Preferred Securities: Balancing Yield with Risk

Preferred securities are a type of investment that generally offers higher yields than traditional fixed income securities, such as U.S. Treasury securities or investment-grade corporate bonds. However, the higher yields come with different risks.

Preferred securities are sometimes considered by investors seeking higher income. They were also one of the hardest-hit investments during the 2008-2009 global financial crisis and in the early stages of the 2020 COVID-19 pandemic. What should you be aware of now to decide whether preferred securities might be the right investment for you for a more-aggressive part of your income portfolio?

What are preferred securities?

Preferred securities are "hybrid" investments, sharing characteristics of both stocks and bonds. In fact, there are many types of preferred securities, each with their own set of characteristics or guarantees. Lately, the term "preferred security" has been used as a blanket term for an investment with a par value of $25, but they can rank as high as a senior bond or as low as traditional preferred stock.1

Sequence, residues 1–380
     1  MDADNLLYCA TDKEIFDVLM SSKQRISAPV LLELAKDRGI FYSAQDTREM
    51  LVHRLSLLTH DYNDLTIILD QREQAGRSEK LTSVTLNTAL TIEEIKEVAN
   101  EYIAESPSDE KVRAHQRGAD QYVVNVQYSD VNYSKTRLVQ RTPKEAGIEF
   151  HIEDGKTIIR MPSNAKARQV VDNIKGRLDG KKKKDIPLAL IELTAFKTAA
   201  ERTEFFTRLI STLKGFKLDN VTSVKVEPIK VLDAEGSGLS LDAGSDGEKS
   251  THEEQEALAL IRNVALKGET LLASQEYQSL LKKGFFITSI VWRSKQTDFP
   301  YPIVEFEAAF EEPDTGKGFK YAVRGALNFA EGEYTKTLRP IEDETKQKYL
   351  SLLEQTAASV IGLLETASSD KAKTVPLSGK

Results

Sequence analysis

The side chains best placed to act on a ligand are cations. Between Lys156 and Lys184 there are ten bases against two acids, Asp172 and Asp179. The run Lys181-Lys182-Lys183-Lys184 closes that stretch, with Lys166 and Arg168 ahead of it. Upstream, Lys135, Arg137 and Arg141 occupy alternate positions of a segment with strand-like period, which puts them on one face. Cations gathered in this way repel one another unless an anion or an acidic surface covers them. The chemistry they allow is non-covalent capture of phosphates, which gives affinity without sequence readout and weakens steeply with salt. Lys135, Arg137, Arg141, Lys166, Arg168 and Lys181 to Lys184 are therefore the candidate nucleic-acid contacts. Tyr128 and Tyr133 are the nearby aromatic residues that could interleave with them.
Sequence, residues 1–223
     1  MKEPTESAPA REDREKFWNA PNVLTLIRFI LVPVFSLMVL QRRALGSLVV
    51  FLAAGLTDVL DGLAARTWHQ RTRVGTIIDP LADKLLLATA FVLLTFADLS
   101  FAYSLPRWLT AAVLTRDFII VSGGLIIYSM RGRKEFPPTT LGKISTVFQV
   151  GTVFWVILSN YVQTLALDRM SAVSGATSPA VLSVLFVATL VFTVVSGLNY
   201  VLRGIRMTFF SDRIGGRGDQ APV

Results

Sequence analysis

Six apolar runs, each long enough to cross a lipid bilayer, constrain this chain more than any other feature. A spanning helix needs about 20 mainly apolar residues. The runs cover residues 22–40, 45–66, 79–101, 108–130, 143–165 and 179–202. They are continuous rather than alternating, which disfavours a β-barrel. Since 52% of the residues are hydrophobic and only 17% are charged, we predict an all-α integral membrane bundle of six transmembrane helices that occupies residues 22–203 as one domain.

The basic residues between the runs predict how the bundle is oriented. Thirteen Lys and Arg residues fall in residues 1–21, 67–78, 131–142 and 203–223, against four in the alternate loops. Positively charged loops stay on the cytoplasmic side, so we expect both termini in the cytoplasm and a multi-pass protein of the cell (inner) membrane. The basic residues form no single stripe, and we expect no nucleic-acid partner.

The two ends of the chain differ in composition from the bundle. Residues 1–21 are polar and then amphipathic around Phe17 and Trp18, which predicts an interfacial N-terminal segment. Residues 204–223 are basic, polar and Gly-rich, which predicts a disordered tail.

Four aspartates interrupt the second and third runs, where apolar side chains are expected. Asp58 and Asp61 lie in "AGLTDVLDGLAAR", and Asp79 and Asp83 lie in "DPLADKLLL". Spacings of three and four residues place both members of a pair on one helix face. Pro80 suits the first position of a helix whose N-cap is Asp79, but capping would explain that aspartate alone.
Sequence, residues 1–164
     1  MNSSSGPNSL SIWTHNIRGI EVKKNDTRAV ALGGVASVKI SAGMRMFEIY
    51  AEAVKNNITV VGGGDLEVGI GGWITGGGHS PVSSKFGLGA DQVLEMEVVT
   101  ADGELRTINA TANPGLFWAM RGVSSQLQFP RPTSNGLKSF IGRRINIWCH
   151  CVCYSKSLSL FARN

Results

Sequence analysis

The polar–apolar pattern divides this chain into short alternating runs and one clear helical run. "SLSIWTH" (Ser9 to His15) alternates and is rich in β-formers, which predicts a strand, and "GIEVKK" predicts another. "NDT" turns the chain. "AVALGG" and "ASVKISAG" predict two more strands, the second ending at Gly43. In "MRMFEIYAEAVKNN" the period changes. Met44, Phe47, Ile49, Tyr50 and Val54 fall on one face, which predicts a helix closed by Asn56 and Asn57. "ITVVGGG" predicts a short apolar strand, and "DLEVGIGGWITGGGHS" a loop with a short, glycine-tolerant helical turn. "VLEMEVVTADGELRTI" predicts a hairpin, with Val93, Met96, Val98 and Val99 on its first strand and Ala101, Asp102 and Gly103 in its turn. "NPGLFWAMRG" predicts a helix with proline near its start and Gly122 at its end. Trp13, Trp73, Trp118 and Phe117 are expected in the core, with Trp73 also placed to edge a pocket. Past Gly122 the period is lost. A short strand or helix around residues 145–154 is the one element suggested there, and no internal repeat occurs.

Bond-like characteristics:

Fixed par value. This is the value for which a preferred can be redeemed by the issuer. Preferred securities often have par values of $25, making it relatively easy for individual investors to invest in given the smaller denomination compared to the $1,000 par value for most corporate bonds. There are preferred securities issued in $1,000 denominations, however, but they tend to be targeted towards institutional investors. While preferreds have fixed par values, their prices still fluctuate in the secondary market.